Heart Shock for Former Mayor Lanier

Former Houston Mayor Bob Lanier is in stable condition this morning at St. Luke's Hospital's Texas Heart Institute after his implanted heart defibrillator went-off right before Enron founder Ken Lay's memorial service Wednesday. Houston Public Radio's Jack Williams reports on what the device does and how it saves lives.

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Lanier's defibrillator activated yesterday after it detected an arrhythmia, or an irregular heartbeat that can be fatal if it's not addressed immediately. Similar devices are often implanted next to the heart with wires leading into the heart that can provide a life-saving jolt. Dr. Nadim Nasir is the medical director of the Debakey Cardiac Electrophysiology Lab at The Methodist Hospital.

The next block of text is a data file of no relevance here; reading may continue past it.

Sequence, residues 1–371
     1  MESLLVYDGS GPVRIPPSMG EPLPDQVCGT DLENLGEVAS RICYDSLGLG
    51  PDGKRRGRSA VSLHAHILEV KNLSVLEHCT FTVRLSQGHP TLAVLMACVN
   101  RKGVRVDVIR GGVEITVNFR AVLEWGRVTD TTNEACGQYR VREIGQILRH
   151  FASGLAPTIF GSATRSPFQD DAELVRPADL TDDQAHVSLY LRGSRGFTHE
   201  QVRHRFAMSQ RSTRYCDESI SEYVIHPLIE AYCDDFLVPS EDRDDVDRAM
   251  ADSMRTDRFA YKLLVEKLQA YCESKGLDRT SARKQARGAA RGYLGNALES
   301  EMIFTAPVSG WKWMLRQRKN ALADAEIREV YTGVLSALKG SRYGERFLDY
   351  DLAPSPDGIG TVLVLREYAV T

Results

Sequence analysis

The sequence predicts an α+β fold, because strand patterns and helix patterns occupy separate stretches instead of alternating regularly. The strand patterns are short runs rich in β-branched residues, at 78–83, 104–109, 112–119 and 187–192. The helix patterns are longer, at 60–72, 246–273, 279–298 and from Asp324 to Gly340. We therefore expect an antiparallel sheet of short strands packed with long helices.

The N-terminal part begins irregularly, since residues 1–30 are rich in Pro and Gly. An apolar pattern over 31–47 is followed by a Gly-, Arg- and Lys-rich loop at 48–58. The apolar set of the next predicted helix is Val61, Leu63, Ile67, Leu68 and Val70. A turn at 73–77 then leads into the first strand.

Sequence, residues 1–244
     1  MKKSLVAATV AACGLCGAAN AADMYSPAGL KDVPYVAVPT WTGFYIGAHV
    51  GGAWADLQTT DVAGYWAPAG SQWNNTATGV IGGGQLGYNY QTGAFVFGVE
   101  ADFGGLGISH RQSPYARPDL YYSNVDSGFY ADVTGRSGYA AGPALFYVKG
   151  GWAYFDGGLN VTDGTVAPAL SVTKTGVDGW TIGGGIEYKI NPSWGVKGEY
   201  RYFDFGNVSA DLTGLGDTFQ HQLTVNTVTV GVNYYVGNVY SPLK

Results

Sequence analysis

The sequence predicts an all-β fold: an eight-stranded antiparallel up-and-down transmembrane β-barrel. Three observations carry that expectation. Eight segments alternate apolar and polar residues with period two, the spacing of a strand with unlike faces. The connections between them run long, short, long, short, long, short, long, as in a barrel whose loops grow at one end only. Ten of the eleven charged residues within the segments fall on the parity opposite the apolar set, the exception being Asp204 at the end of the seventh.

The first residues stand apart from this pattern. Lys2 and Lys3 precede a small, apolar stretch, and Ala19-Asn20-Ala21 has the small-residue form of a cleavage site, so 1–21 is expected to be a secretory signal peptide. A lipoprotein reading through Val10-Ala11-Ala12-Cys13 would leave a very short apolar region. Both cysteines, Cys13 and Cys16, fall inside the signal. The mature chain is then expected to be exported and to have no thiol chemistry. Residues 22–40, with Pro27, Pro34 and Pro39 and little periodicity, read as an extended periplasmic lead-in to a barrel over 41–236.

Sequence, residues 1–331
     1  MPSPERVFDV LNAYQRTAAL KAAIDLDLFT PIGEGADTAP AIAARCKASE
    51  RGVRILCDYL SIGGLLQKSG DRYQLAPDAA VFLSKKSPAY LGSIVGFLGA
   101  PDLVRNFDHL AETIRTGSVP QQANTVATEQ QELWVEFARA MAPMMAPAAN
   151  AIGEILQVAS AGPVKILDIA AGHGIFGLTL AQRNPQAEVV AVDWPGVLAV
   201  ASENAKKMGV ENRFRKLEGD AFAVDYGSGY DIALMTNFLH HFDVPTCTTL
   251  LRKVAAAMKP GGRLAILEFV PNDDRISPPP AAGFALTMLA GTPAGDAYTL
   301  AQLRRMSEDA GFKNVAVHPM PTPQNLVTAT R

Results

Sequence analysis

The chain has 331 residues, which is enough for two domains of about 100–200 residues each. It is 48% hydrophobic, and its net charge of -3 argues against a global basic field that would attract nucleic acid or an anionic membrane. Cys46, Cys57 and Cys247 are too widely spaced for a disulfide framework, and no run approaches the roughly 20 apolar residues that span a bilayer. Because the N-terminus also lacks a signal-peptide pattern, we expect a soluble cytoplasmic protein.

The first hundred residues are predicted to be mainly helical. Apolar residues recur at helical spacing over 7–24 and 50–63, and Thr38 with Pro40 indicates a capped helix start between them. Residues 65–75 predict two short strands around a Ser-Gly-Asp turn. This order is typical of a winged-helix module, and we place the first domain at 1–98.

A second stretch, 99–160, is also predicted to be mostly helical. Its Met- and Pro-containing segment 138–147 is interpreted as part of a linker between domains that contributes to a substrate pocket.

"Most patients are awake and fully conscious so they feel a fairly sharp and abrupt jolt to their chest, akin to somebody punching them very sharply with the fist and it's very transient, it's not very painful, but it is startling and then there's no residual discomfort whatsoever."

Lanier's device has gone off before, the last time in 2002. Nasir says most patients have no serious side effects after their hearts are shocked back into rhythm.

"Long-term repercussions from a shock are none, other than the benefit of being rescued and staying alive. In terms of the patient's lifestyle, more often than not patients resume their routine physical activities, routine lifestyle and go on about their business. That's the whole benefit of having a device that permits you to be rescued and avoid the disastrous consequences of a cardiac arrest."

"Mayor Bob" as he is known, led the city for six years starting in 1992 and was one of Houston's most popular politicians. He's expected to be released from the hospital within the next couple of days.

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